HIV Infections
  • Behavioral: Voluntary brief HIV counseling and testing
    Participants will receive 10 to 15 minutes of pretest counseling on the importance of HIV testing and on available services for people infected with HIV. After pretest counseling, participants will undergo a blood draw for HIV testing. Participants will receive test results and additional counseling 1 hour after the blood sample is drawn.
  • Behavioral: Voluntary longer, more detailed HIV counseling and testing
    Participants will receive 45 to 60 minutes of pretest counseling on general HIV/AIDS information and testing for HIV. After pretest counseling, participants will undergo a blood draw for HIV testing. Participants will receive test results and additional counseling 1 hour after the blood sample is drawn.
  • Behavioral: Enhanced linkage to care
    Participants will be provided with more detailed counseling on how to access HIV services, will be introduced to a specific HIV clinic, and will be given a list of other HIV services available in the area. After leaving the hospital, participants will receive reminder telephone calls 1 week before their scheduled visits at the HIV clinics.
  • Behavioral: Routine referral to care
    Participants will be provided with information on the importance of receiving HIV care and will be given a list of available HIV area services.
  • Experimental: A
    Participants will receive voluntary brief HIV counseling and testing plus enhanced linkage to care.
    Interventions:
    • Behavioral: Voluntary brief HIV counseling and testing
    • Behavioral: Enhanced linkage to care
  • Experimental: B
    Participants will receive voluntary brief HIV counseling and testing plus routine referral to care.
    Interventions:
    • Behavioral: Voluntary brief HIV counseling and testing
    • Behavioral: Routine referral to care
  • Experimental: C
    Participants will receive voluntary longer, more detailed HIV counseling and testing plus enhanced linkage to care.
    Interventions:
    • Behavioral: Voluntary longer, more detailed HIV counseling and testing
    • Behavioral: Enhanced linkage to care
  • Experimental: D
    Participants will receive voluntary longer, more detailed HIV counseling and testing plus routine referral to care.
    Interventions:
    • Behavioral: Voluntary longer, more detailed HIV counseling and testing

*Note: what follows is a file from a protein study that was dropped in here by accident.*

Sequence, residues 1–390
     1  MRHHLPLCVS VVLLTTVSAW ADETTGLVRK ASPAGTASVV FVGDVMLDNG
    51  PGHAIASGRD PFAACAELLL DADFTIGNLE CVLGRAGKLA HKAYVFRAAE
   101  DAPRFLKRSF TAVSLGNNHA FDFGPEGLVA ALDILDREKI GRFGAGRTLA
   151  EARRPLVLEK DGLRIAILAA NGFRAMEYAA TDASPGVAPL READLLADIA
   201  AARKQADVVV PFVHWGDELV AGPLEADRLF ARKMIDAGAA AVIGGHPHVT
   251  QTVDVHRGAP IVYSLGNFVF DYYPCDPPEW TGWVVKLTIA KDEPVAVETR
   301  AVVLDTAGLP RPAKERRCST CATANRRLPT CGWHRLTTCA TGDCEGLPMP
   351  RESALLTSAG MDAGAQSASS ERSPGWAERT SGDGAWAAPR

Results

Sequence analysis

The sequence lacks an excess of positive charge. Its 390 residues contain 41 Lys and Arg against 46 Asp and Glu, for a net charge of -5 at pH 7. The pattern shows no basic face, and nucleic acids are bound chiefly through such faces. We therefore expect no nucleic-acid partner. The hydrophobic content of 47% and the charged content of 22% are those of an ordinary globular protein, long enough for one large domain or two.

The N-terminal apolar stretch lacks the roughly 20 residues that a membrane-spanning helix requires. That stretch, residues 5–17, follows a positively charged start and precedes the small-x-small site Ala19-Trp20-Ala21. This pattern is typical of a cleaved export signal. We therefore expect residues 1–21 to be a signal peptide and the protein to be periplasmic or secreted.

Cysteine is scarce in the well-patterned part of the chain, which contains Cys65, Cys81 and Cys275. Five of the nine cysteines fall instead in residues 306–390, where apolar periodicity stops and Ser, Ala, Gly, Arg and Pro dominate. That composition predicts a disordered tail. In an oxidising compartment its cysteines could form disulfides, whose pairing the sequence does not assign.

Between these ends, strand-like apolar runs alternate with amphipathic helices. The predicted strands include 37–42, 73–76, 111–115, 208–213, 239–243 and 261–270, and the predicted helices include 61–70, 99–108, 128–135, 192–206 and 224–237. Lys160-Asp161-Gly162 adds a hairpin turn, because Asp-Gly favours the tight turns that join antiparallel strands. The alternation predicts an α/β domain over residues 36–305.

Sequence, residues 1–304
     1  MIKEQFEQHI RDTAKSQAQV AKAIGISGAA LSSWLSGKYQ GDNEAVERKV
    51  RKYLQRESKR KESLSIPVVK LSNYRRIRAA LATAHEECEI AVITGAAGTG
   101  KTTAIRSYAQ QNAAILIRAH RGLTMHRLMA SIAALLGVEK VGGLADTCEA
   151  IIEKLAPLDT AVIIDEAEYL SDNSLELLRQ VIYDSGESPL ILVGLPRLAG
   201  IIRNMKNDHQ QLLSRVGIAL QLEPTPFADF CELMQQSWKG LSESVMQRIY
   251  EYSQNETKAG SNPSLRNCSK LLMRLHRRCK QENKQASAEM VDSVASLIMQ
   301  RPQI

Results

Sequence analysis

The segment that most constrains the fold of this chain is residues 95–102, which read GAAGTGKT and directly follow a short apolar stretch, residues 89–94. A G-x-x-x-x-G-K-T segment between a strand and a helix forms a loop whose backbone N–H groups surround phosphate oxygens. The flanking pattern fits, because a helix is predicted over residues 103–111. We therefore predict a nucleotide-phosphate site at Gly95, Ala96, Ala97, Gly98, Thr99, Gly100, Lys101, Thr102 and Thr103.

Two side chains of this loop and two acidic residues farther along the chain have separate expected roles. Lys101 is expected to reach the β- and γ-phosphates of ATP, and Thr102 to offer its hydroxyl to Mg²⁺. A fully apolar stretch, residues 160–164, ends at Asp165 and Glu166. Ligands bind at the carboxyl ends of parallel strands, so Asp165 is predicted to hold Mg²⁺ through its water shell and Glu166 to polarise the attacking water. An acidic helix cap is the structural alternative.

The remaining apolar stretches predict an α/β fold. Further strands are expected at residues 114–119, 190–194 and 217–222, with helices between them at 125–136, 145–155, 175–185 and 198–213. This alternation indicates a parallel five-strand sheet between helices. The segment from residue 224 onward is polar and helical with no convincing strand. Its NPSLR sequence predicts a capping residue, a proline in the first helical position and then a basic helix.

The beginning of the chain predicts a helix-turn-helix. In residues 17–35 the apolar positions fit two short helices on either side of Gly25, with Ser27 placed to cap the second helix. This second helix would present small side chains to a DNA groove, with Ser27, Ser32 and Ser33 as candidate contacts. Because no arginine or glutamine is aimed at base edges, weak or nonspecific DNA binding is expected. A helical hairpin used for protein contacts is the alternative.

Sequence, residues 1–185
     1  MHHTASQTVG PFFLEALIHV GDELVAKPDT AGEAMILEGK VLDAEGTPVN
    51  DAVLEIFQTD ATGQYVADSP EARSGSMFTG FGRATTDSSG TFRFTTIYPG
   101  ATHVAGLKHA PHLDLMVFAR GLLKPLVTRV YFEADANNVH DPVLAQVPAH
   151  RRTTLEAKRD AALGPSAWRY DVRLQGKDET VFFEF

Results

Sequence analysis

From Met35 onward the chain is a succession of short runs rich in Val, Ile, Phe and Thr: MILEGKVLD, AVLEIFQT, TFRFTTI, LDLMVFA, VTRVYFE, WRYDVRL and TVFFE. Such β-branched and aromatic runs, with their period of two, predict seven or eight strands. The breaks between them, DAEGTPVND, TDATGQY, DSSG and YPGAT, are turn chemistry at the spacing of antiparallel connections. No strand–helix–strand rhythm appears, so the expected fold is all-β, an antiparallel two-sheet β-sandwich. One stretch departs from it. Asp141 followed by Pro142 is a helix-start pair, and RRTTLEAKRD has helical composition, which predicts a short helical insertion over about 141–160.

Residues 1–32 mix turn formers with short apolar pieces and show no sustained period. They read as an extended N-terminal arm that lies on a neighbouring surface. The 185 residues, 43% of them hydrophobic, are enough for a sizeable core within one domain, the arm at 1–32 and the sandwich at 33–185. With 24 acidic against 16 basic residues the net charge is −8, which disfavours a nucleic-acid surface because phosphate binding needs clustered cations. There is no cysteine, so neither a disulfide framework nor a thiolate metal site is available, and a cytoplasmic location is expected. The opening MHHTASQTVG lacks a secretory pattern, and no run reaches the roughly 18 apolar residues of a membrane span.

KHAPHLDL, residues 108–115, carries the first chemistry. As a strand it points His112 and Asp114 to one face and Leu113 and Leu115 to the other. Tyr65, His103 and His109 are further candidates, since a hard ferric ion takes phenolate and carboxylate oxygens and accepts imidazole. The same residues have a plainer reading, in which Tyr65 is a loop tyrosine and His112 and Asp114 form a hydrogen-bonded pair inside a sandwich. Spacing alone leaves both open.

• Behavioral: Routine referral to care
  • Active Comparator: E
    Participants who are found to be healthy will receive voluntary brief HIV counseling and testing only.
    Intervention: Behavioral: Voluntary brief HIV counseling and testing
  • Active Comparator: F
    Participants who are found to be healthy will receive voluntary longer, more detailed HIV counseling and testing only.
    Intervention: Behavioral: Voluntary longer, more detailed HIV counseling and testing
Not Provided

*   Includes publications given by the data provider as well as publications identified by ClinicalTrials.gov Identifier (NCT Number) in Medline.
 
Completed
3415
June 2011
June 2011   (final data collection date for primary outcome measure)

Inclusion Criteria:

  • Willing to receive HIV test results
  • Willing to provide adequate contact information
  • Possesses sufficient cognitive ability to provide informed consent and participate in the interventions, as determined subjectively by the Regulatory Coordinator (patient with altered mental status or who is otherwise too ill to participate in the consent process will be excluded)
  • Planned local residence over the next year after study entry (within a reasonable distance; approximate radius of 25 km of Kampala city center)
  • Fluent in Luganda or English

Exclusion Criteria:

  • Self-reported HIV-infected serostatus (defined as ever receiving an HIV-positive test result)
  • Self-reported HIV test within the 12 months before study entry
  • Any condition that, in the opinion of the study staff, would make participation in the study unsafe, complicate interpretation of study outcome data, or otherwise interfere with achieving the study objectives
Both
18 Years and older
Yes
Contact information is only displayed when the study is recruiting subjects
Uganda
 
NCT00648232
R01 MH077512, R01MH077512, DABHR 9A-ASGA
Yes
Thomas J. Coates, University of California, Los Angeles
University of California, Los Angeles
National Institute of Mental Health (NIMH)
Principal Investigator: Thomas J. Coates, PhD UCLA David Geffen School of Medicine
University of California, Los Angeles
December 2013

ICMJE     Data element required by the International Committee of Medical Journal Editors and the World Health Organization ICTRP